My Australian and Kiwi readers (and Chileans and Argentineans) are coming up on their shortest day of the year and they ought to be thinking about vitamin D supplementation. Northern hemisphere denizens who stay indoors the vast bulk of the time ought to consider vitamin D supplementation during the summer as well.
A Fortune article highlights the problems that long distance freight rail faces in Europe with incompatible national systems. New train designs can operate over more national borders.
Engineers at Bombardier's facilities all over Europe set out to invent a new train that could traverse Europe's patchwork of voltage levels, signal systems and other local quirks - while keeping this feature-rich locomotive affordable.
Why am I doing a post about this? If this article is correct then an amazingly small percentage of freight in Europe gets moved by rail.
Bombardier and its chief competitor Siemens (SI), the German engineering giant, see a huge opportunity. In the United States, half of all freight is shipped by rail. In Europe, only 10% is carted by train. Meanwhile, European highways are clogged, and truckers now pay fees to help offset pollution.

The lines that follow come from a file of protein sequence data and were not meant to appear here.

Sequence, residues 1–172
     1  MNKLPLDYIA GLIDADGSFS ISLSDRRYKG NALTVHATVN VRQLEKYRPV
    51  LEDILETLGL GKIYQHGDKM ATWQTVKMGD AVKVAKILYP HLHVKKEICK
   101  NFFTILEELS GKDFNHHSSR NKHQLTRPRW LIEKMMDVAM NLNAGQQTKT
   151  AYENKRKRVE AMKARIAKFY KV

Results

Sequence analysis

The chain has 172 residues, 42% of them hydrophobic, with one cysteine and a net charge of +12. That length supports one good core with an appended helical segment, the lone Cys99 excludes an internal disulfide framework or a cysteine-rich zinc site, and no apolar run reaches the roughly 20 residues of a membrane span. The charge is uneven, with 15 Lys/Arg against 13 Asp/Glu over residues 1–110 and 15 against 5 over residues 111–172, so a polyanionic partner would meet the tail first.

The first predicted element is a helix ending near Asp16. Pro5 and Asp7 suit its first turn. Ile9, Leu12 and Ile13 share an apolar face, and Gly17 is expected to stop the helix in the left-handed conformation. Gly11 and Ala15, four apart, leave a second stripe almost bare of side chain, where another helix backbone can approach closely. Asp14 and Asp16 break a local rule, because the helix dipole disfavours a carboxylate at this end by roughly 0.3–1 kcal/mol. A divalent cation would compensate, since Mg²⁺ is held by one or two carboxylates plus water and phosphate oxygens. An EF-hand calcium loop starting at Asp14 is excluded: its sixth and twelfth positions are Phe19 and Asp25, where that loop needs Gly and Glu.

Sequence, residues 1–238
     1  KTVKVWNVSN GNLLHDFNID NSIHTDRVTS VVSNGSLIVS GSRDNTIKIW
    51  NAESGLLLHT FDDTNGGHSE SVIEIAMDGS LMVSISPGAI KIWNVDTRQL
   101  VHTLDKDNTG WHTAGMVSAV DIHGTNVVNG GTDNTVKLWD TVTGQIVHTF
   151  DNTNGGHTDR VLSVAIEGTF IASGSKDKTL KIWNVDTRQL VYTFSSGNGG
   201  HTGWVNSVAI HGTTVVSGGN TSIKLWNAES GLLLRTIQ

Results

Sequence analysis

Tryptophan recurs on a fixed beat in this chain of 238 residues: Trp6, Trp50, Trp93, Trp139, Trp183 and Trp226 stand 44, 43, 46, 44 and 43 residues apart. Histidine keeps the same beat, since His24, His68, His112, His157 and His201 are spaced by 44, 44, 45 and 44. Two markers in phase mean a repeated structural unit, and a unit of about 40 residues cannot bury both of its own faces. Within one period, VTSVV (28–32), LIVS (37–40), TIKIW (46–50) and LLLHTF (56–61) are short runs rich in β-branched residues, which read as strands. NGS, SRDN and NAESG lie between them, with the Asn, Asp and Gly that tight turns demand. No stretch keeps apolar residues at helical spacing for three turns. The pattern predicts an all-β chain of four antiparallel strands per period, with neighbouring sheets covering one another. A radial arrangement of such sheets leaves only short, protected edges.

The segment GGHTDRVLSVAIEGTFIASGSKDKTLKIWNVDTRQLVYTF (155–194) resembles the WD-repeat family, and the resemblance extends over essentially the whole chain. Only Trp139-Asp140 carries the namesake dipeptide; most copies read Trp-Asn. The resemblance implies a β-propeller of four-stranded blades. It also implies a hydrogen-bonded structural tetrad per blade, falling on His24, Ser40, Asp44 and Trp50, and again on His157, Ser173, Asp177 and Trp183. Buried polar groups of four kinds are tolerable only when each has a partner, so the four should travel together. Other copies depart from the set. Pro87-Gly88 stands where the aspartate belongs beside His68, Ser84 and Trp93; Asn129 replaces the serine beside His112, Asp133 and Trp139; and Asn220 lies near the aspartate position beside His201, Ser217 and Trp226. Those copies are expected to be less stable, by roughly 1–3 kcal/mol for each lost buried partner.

Would you have expected this? Europe has a higher percentage of passenger movement done by rail than America. Yet Europe's use of rail for freight is lower.
Why would alcohol consumption cut the risk of an auto-immune disease? Does alcohol act like an anti-inflammatory and dampen the immune response to inflammation of joints?
Alcohol cuts the risk of developing rheumatoid arthritis by up to 50%, reveals research published ahead of print in the Annals of the Rheumatic Diseases.
The Scandinavian researchers base their findings on more than 2750 people taking part in two separate studies, which assessed environmental and genetic risk factors for rheumatoid arthritis.
Over half the participants (1650) had the disease and had been matched for age, sex, and residential locality with randomly selected members of the general public.
All participants were quizzed about their lifestyle, including how much they smoked and drank. And blood samples were taken to check for genetic risk factors.
The results showed that drinking alcohol was associated with a significantly lower risk of developing rheumatoid arthritis. And the more alcohol was consumed, the lower the risk of rheumatoid arthritis.
Among those who drank regularly, the quarter with the highest consumption were up to 50% less likely to develop the disease compared with the half who drank the least.